Saturday, June 17, 2017

J.M. Opal's "Avenging the People"

J.M. Opal is Associate Professor of History at McGill University. He is the author of Beyond the Farm: National Ambitions in Rural New England and the editor of Common Sense and Other Writings by Thomas Paine.

Opal applied the “Page 99 Test” to his new book, Avenging the People: Andrew Jackson, the Rule of Law, and the American Nation, and reported the following:
This passage from Avenging the People covers the mysterious ending of a mysterious war. From 1792 to 1794, Cherokee and Creek men attacked the far reaches of the Southwest Territory, which became the state of Tennessee. Andrew Jackson and one of his mentors, James Robertson, played key roles in the climactic “Nickajack” campaign, during which white militiamen torched that town, killed most of the inhabitants, and took some girls as captives.

From page 99:
Legend says that Andrew Jackson took part in this campaign as a humble private, not as judge advocate. There is no way to verify this claim…. Jackson buried much of what happened deep inside. Clearly he emerged from Tennessee’s two-year nightmare as one of its trusted avengers, a man who bore its scars and secrets. In 1795, Robertson took the fall for Nickajack…. Some years later, after Robertson again offered his services, Jackson paid his respects to the old warrior. The men who served under your command, Jackson told Robertson, were a “Corps of Invincibles.” They revealed a courage “to be found only in republicks”...[displaying] a “union of Sentiments and Action” in the face of demonic foes. “My God!” Jackson concluded. “How can I express my sensations!!!”
Much of Andrew Jackson’s military career is shrouded in myth. As such we rely on veiled references to the awful things that happened in the Tennessee woods, far away from any law. This points to one of the main themes of the book: the conflict between frontier elites like Jackson and Robertson, on one hand, and the national government on the other. Eastern politicians simply did not understand the terrifying bloodlands of North America, Jackson seethed. “How can I express my sensations!!!” The key to those “sensations” was Jackson’s deep feeling of prior innocence—and the resulting thirst for vengeance.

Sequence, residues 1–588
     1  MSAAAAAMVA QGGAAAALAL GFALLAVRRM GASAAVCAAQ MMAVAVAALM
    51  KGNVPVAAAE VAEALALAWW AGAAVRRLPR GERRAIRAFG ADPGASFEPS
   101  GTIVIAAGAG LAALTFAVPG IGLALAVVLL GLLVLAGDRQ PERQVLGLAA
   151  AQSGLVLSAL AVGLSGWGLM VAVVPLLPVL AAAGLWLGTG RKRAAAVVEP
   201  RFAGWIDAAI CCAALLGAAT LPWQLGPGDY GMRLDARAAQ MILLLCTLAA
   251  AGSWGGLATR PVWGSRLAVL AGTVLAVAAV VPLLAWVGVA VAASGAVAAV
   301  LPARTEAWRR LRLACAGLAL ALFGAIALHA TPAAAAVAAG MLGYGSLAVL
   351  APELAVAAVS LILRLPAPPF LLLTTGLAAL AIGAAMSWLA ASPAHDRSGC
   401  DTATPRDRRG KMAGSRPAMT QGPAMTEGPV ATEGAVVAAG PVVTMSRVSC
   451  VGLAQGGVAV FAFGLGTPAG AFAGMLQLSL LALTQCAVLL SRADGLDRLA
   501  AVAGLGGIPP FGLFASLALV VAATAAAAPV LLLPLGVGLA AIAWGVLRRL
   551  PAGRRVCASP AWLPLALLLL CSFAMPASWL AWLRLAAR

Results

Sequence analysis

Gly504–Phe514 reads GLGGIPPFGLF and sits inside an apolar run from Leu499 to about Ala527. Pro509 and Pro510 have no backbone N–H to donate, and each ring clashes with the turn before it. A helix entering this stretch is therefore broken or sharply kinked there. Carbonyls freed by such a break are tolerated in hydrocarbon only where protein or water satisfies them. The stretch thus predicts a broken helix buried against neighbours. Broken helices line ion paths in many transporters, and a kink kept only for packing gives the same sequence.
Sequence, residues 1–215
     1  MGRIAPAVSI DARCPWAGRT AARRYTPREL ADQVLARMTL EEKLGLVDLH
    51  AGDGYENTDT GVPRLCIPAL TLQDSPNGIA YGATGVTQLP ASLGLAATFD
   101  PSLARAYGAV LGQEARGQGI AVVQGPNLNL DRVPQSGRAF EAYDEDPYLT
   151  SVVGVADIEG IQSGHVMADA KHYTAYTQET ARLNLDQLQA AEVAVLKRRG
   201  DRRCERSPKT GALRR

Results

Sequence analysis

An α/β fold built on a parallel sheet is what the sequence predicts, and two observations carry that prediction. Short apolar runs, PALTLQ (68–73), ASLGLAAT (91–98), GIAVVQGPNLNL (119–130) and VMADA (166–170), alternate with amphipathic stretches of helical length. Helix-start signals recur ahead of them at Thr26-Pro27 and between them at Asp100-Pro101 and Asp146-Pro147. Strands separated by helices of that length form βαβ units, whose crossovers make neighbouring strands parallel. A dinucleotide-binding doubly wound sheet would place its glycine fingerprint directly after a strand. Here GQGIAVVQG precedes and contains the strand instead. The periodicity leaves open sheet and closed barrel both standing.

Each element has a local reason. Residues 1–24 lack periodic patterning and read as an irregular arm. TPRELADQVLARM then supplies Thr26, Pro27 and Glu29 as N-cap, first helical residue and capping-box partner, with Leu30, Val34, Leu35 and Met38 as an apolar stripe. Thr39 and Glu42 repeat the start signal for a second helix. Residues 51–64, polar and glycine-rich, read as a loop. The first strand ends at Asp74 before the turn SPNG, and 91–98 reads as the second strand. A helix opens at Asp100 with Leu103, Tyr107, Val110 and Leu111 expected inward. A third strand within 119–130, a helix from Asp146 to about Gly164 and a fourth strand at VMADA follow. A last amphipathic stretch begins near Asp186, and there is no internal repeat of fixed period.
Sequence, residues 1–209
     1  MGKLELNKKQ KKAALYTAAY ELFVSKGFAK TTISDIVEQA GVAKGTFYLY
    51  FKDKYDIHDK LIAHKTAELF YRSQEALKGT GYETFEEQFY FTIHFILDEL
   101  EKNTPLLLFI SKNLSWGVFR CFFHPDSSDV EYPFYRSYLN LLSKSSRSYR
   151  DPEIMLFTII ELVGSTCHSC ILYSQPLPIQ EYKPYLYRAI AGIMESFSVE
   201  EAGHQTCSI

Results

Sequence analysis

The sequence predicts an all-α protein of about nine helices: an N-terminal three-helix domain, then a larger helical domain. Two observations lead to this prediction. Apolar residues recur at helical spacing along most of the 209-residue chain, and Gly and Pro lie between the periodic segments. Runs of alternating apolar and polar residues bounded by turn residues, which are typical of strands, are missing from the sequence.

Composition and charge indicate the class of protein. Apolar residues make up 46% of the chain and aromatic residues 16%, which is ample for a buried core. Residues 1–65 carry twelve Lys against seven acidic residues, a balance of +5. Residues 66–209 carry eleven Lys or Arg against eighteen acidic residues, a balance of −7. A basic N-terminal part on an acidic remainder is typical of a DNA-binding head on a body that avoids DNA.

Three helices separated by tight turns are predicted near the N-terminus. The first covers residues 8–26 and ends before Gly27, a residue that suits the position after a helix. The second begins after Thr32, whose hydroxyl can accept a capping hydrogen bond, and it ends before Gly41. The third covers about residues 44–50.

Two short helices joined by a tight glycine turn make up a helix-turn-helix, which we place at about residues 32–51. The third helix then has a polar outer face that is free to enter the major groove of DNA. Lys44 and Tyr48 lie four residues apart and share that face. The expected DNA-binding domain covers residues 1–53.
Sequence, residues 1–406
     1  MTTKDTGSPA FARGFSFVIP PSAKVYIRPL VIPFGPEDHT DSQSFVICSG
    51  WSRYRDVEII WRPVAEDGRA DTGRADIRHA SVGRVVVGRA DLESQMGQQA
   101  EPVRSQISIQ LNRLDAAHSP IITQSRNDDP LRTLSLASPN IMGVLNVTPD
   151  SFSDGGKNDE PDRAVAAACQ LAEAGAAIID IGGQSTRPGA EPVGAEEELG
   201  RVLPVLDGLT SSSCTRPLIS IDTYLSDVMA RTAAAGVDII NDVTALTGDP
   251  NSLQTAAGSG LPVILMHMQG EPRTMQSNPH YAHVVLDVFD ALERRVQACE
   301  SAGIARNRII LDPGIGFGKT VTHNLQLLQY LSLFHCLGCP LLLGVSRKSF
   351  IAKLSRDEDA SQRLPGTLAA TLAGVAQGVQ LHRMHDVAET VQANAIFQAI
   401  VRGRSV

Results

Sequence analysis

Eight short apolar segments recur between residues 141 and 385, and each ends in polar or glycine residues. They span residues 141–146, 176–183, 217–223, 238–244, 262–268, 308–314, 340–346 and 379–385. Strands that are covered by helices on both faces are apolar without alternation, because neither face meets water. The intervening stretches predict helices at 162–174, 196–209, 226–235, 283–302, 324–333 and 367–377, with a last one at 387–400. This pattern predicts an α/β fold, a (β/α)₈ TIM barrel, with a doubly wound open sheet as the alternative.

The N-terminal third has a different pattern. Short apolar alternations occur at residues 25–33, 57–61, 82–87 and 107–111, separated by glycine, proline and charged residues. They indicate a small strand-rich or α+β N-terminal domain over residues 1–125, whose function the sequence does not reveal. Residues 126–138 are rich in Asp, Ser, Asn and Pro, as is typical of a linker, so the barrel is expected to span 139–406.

Where did those convictions and obsessions come from? For Jackson, the world had first turned on him during the American Revolution, when he lost his mother and two brothers. His sense of victimhood deepened when people whispered about his beloved wife, Rachel, in the early 1790s. It reached a fever pitch that decade as hundreds of settlers were killed by natives who were protected, to some extent, by the U.S. government. (Jackson made no mention of the more numerous native victims of this war, nor of the fact that speculators like him bore much of the blame for starting it.) His rage often made him unpopular, even in Tennessee. But during the War of 1812, his fury merged with the larger sense that the American people still suffered at the hands of the British and their native allies, forging a powerful “union of Sentiments and Action” between Jackson and his nation.

But look carefully: Jackson was not only a maverick warrior but also a “judge advocate” who brought the rule of law to the southern frontiers. In other words, he felt innocent because he served the law, even—or especially—when that law was unpopular. His life was thus an epic drama, a chronic struggle between his duty to inflict the law and his desire to transcend it. And that left a real mark on the United States.
My Book, The Movie: Avenging the People.

--Marshal Zeringue